DIY Bag/Cable/Tech Organiser




About: I am a frustrated builder of things, not quite skilled enough to do great jobs (in my mind anyway) but just enough imagination to want to try... these are my creations for better or for worse I hope that peo...

I have been travelling a number of times recently where I have found that I am taking more and more cables, and plugs,and other such little bits of tech and gadgetry and they all seemed to be a bit of a jumbled mess in the bags I used, either for travelling to work or travelling abroad.

I looked into how to organise it and found a number of different items that kind of did what I wanted. Then I found a YouTube tutorial on how to make a bag organiser much like the GridIT ones but it was a small one.

I decided to up the size to A4 to hold more.

Here is what I came up with.

Apologies (and I will repeat this throughout the instructable) for not having photos of all the steps in this, its one of those things where you find you didn't take photos because you wasn't sure how it would come out, it came out ok and you want to show others how to do it, but now you don't have all the pictures to show the steps.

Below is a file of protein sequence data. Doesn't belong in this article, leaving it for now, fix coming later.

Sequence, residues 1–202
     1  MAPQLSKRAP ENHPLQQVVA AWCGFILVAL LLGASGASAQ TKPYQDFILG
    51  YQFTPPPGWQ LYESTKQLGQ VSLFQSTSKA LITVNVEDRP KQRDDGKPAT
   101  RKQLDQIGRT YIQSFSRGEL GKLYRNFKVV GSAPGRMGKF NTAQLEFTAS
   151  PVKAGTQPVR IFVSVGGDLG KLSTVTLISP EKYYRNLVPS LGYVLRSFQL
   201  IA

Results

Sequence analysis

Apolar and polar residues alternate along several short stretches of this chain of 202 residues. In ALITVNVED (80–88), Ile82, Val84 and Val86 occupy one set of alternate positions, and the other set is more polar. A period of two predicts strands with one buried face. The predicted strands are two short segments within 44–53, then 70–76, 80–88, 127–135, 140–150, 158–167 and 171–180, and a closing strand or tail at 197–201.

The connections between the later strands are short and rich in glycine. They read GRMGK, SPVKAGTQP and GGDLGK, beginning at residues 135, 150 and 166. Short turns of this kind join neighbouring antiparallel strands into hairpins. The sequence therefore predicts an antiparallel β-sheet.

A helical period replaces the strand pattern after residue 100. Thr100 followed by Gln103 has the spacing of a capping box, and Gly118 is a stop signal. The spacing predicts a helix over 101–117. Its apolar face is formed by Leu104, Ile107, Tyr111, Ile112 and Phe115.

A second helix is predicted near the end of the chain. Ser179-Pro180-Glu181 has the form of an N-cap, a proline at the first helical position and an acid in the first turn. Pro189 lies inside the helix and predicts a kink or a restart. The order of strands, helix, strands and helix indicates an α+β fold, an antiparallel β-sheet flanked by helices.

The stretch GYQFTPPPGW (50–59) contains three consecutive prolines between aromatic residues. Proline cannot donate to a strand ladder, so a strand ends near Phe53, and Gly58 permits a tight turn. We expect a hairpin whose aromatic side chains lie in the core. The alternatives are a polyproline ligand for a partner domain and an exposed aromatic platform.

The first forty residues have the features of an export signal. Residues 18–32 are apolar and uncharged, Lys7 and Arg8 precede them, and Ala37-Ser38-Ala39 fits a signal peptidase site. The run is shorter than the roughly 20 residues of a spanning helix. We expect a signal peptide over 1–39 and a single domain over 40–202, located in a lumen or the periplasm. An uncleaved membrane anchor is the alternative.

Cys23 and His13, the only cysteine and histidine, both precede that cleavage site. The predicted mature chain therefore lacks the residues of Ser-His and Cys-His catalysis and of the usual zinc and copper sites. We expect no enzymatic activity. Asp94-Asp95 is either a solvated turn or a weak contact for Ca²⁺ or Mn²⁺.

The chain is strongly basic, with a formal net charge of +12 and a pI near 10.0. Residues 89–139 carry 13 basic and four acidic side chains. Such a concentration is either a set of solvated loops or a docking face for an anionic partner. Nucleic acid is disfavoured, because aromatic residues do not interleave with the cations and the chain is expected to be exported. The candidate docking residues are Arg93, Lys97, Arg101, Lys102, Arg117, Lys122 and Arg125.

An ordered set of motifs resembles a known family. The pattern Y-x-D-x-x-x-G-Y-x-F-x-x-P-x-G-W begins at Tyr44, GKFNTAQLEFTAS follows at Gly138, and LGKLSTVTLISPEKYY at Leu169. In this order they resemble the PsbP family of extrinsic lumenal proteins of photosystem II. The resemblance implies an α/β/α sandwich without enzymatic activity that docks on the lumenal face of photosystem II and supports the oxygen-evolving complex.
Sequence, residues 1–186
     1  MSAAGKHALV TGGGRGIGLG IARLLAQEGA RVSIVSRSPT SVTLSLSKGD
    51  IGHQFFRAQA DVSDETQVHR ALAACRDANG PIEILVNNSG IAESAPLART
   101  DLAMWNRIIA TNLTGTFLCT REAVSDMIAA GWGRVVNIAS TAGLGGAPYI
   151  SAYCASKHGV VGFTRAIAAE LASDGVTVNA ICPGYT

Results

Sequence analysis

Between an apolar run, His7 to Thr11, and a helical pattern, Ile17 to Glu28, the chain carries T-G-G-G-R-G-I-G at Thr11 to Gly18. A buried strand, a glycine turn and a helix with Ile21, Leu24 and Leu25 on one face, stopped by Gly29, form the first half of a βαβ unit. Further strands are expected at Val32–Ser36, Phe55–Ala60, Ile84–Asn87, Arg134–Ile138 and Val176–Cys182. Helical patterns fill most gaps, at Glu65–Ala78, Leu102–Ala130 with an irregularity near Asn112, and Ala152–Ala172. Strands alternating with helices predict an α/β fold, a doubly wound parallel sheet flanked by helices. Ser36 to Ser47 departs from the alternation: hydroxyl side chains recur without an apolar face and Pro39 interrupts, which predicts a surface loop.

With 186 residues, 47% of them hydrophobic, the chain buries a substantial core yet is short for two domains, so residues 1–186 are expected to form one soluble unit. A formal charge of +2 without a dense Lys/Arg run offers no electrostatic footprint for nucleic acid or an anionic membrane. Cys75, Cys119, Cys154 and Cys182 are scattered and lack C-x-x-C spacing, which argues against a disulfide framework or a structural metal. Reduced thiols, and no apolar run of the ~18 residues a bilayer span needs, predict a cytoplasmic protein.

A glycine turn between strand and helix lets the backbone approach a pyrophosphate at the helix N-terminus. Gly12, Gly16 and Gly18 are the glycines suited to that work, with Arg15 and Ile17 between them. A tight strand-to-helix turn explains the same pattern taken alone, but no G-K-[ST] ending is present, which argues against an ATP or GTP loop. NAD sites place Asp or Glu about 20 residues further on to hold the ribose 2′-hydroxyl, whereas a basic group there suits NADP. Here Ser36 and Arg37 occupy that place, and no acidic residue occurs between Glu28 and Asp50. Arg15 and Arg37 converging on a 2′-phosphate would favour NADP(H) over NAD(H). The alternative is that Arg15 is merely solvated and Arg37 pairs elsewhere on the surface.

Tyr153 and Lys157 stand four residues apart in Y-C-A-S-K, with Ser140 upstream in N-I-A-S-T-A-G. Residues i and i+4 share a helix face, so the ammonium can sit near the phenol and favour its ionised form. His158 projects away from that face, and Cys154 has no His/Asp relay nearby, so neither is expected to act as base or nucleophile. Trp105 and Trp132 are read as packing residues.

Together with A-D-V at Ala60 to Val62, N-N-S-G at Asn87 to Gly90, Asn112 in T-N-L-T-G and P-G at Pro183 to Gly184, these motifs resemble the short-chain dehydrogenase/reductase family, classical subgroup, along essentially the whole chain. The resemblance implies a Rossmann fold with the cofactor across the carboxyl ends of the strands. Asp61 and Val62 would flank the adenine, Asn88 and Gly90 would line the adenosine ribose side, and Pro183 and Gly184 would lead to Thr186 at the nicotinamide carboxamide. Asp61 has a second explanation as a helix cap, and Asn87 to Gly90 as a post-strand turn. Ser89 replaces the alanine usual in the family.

Step 1: Gather Your Ingredients

For this project you will need the following items/tools:

1 can of spray adhesive

11m of 20mm wide elastic

10m of 10mm wide elastic

A4 plastic clip board dimensions are 310mm(L) x 230mm(W)

Stretchy fabric offcut big enough to cover both sides of clip board



Needle point pliers

Flat head and phillips screwdrivers

Tape measure

Print out of the plan (see later on for plan)

Firstly i just want to say that I stupidly didn't take photos of a few of the steps of this build. I hope the descriptions suffice, I think I will be making one more of these so i might add the missing pictures to this if I can later.

Once you have the items you will need to firstly remove the clip part of the clip board. Using the flat head screw driver you can slowly prize it off until it pops out, this will leave the holes filled with little metal plugs. Using the philips screwdriver push these plugs out so you are left with just 2 holes.

BE CAREFUL when removing the clip my first attempt I put too much pressure on and there is a small crack on the clip board now. Its hidden from view and is internal (as in the coating is holding it together much like a crack in a windscreen) but it was still annoying.

Next cut the following number of lengths of elastic

9 lengths of 20mm elastic of 620mm long

5 lengths of 10mm elastic of 620mm long

11 lengths of 20mm elastic 460mm long

9 lengths of 10mm elastic 460mm long